In August, the Federal Trade Commission (FTC) approved changes to a video game industry program in an effort to ensure compliance with the Children’s Online Privacy Protection Act (COPPA). This comes after a 2017 study finding that YouTube, the video platform owned by Google, is the most popular online media platform among children, with as many as 80% of children ages 6-12 using it daily. Yet YouTube claims in its Terms of Service that the platform is not intended for anyone under the age of 13, and by agreeing to the terms, consumers affirm that they are indeed at least 13 years old. Users also agree to Google’s privacy policy, which details how Google collects data such as a viewer’s device, location, or phone number, and tailors advertisements and services based on that data.

COPPA was originally enacted by Congress in 1998, requiring the FTC to issue and enforce regulations concerning children’s online privacy.  COPPA is intended for parents to control what information if collected from their children.  The law applies to (1) operators of commercial websites and online services (including mobile apps) directed at children under 13 years old, (2) operators of general audience websites who have actual knowledge that they are collecting, using, or disclosing personal information from children under 13, and (3) websites or online services that have actual knowledge that they are collecting personal information directly from users of another website or online service directed at children.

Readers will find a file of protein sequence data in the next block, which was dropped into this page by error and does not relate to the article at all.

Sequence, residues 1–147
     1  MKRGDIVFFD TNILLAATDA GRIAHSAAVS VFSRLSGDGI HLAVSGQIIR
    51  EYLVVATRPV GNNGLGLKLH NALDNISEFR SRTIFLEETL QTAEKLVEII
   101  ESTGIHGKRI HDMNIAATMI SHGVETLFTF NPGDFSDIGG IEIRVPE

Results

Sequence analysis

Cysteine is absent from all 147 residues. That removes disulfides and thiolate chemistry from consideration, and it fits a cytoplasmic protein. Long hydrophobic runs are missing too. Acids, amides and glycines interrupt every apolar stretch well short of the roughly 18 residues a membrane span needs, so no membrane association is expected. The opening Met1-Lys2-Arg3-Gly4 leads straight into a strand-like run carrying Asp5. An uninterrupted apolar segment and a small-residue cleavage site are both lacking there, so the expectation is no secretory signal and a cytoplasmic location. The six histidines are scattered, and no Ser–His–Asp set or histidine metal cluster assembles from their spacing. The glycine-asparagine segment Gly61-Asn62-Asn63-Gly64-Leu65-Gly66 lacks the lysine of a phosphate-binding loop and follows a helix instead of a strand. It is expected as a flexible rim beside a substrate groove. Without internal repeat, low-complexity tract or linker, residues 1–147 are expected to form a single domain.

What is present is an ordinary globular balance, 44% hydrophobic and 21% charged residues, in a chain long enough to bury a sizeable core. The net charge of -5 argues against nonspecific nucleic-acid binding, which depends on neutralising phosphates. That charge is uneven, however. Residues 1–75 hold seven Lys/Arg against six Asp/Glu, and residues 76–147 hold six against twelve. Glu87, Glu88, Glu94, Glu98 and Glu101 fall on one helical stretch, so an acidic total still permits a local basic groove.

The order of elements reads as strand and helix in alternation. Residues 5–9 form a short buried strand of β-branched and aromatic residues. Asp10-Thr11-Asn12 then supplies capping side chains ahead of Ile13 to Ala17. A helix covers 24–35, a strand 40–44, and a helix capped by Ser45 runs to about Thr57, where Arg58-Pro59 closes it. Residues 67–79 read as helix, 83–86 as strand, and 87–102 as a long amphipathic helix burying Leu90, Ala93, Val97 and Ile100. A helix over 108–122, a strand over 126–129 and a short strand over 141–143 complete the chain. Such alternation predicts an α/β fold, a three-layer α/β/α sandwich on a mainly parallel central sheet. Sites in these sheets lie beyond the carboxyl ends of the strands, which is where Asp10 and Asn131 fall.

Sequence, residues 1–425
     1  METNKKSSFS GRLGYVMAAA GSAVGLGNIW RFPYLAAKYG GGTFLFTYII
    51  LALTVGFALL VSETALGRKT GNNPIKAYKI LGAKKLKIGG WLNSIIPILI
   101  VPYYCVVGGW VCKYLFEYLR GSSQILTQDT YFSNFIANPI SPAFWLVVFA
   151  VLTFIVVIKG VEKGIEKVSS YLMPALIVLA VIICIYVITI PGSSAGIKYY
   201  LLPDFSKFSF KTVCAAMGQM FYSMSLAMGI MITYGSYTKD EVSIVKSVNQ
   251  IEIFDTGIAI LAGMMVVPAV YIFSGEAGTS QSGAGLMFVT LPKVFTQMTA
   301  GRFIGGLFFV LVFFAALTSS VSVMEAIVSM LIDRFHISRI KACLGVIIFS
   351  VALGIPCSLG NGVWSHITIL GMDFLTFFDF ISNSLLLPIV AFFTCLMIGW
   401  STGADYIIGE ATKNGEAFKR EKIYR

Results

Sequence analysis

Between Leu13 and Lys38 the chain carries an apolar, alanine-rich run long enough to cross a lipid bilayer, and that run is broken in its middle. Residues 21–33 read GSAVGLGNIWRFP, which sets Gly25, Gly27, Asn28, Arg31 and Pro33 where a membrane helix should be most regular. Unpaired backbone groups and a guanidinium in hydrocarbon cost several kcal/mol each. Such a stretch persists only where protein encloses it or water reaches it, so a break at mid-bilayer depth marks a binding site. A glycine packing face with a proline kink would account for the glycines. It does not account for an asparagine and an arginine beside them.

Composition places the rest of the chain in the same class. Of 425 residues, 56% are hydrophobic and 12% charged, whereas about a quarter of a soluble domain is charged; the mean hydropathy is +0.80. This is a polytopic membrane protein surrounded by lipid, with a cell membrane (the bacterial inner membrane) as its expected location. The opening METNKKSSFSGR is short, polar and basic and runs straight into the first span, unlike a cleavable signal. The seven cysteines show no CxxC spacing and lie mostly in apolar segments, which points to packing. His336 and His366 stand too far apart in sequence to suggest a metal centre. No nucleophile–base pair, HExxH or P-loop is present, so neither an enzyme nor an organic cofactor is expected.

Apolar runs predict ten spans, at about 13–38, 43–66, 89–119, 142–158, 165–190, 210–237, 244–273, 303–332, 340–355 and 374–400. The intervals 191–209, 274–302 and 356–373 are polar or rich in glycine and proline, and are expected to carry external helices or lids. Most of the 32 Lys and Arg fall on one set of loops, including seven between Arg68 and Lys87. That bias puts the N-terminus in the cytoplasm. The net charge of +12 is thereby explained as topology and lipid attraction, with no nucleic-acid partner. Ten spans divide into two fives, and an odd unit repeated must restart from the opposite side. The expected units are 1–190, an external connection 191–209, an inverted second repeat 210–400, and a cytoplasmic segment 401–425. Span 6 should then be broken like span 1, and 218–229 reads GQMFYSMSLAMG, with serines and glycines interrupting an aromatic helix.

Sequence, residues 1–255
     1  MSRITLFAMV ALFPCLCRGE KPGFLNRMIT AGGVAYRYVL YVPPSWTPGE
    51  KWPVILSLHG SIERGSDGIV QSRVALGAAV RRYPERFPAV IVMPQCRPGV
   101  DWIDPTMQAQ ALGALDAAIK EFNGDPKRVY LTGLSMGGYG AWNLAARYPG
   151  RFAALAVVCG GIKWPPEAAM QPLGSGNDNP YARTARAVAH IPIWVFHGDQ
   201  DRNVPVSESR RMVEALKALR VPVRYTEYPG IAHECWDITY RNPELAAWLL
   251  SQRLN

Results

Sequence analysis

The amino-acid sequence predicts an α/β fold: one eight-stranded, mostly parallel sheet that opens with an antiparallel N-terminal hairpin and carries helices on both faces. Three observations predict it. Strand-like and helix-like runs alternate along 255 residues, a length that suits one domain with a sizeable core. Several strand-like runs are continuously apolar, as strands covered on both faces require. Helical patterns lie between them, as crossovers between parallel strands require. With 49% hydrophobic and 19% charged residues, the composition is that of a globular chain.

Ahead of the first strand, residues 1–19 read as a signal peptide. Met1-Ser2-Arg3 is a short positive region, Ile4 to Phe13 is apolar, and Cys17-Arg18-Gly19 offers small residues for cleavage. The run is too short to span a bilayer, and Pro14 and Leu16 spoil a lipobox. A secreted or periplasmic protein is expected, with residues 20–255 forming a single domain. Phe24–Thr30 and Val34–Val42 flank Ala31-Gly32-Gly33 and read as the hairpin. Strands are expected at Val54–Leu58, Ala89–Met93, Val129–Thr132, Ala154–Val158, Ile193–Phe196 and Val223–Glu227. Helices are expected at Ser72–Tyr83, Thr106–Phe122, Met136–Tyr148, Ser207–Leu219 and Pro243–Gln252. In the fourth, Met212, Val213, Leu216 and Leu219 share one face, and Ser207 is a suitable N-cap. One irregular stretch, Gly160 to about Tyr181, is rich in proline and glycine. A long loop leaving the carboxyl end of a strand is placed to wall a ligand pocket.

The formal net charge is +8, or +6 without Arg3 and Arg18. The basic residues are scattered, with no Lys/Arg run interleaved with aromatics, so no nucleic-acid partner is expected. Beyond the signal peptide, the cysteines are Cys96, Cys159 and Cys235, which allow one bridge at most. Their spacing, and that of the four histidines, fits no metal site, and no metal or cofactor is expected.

Under COPPA, covered entities are prohibited from collecting personal information from children without properly disclosing how the information will be used to parents. In 2012, the FTC clarified COPPA rules by requiring verifiable consent from parents before collecting data that could be used to identify or locate a child. The information that covered entities do collect must also remain secured and protected.

In April 2018, a coalition of over 20 consumer advocacy and privacy groups filed a complaint with the FTC, alleging that YouTube had been violating COPPA for years by illegally collecting and profiting off of children’s data.  The complaint further alleged that YouTube has skirted COPPA by claiming that it does not have a child audience.

YouTube currently has a YouTube Kids app designed specifically for children that complies with COPPA, explicitly stating in the privacy policy that it “does not allow interest-based advertising or re-marketing.”  However, the complaint claimed that YouTube is aware that children use the regular service and it has actual knowledge that it is collecting and using personal information from children. Specifically, it highlighted that certain popular channels directly communicate to YouTube that their content – often cartoons, nursery rhymes, toy videos – is targeted toward children. The complaint also alleged that high level YouTube representatives have recognized the child-directed content on the platform. By having children’s content remain available on the regular platform, the complaint alleged that YouTube was not offering an “alternative” with YouTube Kids, but rather was acknowledging that children continue to use YouTube.